Democratic Party presidential frontrunner Hillary Clinton emphasized the strong U.S.-Israel relationship in her speech at The Brookings Institution’s annual Saban Forum on Sunday, telling the audience that “we stand with our ally and true friend Israel now and forever.” She insisted to the audience that “[w]ith every passing year we must tie the bonds tighter, reach out to the next generation.” Highlighting the historic nature of the relationship, she said, “There is a generation in both countries today that does not remember that shared past.” Clinton also discussed “three trends” in the world that are “converging and making our alliance with Israel more indispensable than ever.” One of those, she said, was “Iran’s continued aggression.” She said that the U.S. and Israel should “address these threats together.” She continued, “We must take an already strong relationship to the next level. We have to develop a common, strategic vision and pursue a coordinated approach, deepen our cooperation and consultation across the board.”
Despite the strained relationship between Israeli Prime Minister Benjamin Netanyahu and U.S. President Barack Obama over the Iran nuclear deal, Netanyahu, in his speech at the UN General Assembly in October, asserted, “President Obama and I have both said that our differences over the nuclear deal are a disagreement within the family. But we have no disagreement about the need to work together to secure our common future.” During the prime minister’s visit to the White House in November, President Obama opened the session by stating, “There’s no foreign leader who I’ve met with more frequently, and I think that’s a testimony to the extraordinary bond between the United States and Israel.”
Furthermore, as the wave of violence occurring in Israel continues into its third month, members of Congress have shown unwavering bipartisan support for the Jewish state. On October 22, the U.S. House of Representatives passed a resolution drafted by Chair of the House Subcommittee on the Middle East and North Africa Ileana Ros-Lehtinen (R-Fla.) and Ranking Member Ted Deutch (D-Fla.) that expressed “concern over anti-Israel and anti-Semitic incitement within the Palestinian Authority [PA].” Additionally, Reps. Kay Granger (R-Texas) and Nita Lowey (D-N.Y.) wrote a letter to PA President Mahmoud Abbas, imploring him to “refrain from highly-inflammatory language and to redouble your efforts to uphold nonviolence.” As the top members of the Foreign Operations subcommittee, whose charge is to authorize foreign funding, Granger and Lowey wrote, “As you are well aware, any U.S. assistance generously provided by the American people to the Palestinian Authority is predicated on the P.A.’s adherence to the precepts of the Oslo Accords as well as countering terrorism and the incitement of violence.”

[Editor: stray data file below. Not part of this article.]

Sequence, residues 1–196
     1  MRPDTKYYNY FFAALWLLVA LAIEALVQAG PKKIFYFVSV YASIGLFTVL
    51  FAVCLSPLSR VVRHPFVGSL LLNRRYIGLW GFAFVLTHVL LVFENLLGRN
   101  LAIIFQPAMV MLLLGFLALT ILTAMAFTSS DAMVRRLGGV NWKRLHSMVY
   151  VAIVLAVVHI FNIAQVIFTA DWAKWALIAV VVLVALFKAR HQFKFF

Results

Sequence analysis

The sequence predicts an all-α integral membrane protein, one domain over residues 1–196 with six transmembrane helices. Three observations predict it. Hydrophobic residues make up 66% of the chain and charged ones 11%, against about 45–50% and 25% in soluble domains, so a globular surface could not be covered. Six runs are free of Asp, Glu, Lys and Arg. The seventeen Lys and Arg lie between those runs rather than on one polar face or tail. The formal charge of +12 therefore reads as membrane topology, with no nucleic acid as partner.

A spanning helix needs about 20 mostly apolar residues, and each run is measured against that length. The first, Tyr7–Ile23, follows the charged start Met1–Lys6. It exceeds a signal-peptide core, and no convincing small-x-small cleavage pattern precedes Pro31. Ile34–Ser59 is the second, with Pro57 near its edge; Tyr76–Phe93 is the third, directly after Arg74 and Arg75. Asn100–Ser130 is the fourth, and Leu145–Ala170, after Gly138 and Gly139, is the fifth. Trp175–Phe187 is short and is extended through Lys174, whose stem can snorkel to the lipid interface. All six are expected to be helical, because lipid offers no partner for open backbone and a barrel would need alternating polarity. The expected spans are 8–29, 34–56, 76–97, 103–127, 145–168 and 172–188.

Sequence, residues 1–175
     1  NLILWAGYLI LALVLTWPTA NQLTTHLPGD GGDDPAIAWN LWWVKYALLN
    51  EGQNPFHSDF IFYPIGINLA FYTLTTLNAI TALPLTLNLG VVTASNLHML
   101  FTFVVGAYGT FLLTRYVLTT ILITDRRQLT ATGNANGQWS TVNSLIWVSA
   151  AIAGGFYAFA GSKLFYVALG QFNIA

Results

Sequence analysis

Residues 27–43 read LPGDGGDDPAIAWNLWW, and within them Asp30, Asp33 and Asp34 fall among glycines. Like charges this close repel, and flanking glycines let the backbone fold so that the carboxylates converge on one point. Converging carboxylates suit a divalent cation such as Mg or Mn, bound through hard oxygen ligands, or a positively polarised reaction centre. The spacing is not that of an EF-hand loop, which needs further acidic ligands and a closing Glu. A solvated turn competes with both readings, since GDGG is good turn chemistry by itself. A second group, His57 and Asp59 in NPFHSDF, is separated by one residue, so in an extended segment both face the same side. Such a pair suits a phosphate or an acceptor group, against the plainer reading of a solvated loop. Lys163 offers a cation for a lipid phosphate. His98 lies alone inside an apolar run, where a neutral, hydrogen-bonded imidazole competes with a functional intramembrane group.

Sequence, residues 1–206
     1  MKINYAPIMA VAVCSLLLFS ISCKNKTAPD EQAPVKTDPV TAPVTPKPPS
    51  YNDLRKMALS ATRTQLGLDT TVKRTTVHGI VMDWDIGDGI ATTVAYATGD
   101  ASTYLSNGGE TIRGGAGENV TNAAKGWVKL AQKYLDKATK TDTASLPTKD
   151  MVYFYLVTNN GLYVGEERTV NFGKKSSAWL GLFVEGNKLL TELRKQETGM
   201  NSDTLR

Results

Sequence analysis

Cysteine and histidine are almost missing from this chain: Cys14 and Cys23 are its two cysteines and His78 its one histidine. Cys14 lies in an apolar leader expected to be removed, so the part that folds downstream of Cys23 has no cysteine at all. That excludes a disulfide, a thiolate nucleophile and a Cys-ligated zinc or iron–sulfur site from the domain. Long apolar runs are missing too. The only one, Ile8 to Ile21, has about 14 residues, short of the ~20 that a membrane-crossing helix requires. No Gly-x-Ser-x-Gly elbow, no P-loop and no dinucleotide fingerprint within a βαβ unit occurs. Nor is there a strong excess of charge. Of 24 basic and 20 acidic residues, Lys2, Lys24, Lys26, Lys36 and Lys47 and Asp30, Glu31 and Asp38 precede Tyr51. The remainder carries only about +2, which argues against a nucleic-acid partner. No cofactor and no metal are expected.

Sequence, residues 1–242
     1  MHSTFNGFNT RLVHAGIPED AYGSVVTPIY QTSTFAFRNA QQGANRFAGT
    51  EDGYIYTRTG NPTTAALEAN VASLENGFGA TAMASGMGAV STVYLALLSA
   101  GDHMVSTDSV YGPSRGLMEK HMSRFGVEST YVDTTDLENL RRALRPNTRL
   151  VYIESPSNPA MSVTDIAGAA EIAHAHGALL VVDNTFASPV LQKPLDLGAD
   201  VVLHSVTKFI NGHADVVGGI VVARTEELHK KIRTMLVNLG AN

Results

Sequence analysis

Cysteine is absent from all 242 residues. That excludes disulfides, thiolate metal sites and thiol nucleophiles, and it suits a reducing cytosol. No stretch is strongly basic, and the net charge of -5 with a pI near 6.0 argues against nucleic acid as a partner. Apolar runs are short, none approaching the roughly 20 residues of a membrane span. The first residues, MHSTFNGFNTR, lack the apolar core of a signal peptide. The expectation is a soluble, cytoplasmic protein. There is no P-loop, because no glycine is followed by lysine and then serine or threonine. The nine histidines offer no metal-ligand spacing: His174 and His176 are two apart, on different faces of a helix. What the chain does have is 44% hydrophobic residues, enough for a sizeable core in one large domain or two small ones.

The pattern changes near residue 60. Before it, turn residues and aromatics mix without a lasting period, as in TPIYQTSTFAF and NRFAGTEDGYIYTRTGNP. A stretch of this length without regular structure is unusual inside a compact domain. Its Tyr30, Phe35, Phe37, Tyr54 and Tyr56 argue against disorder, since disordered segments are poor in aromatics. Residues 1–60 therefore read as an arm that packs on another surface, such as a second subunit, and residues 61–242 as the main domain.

The recently released International Atomic Energy Agency report on Iran’s illicit nuclear activities raises concerns about the extent of the regime’s covert nuclear research, and suggests that future enforcement of the nuclear deal will be impossible.
The IAEA’s investigative report, which was published last week, determined that Iran was conducting work on nuclear detonators as late as 2009, and revealed that the extent of Iran’s research into nuclear bomb technology exceeded what was already publicly known. The IAEA’s findings, which were constrained by Iran’s failure to provide all of the information that the agency requested, raise questions about how much more research Iran completed without detection. Notably, the report also undercuts U.S. Secretary of State John Kerry’s assertion in June that the U.S. had “absolute knowledge” of Iran’s past nuclear work.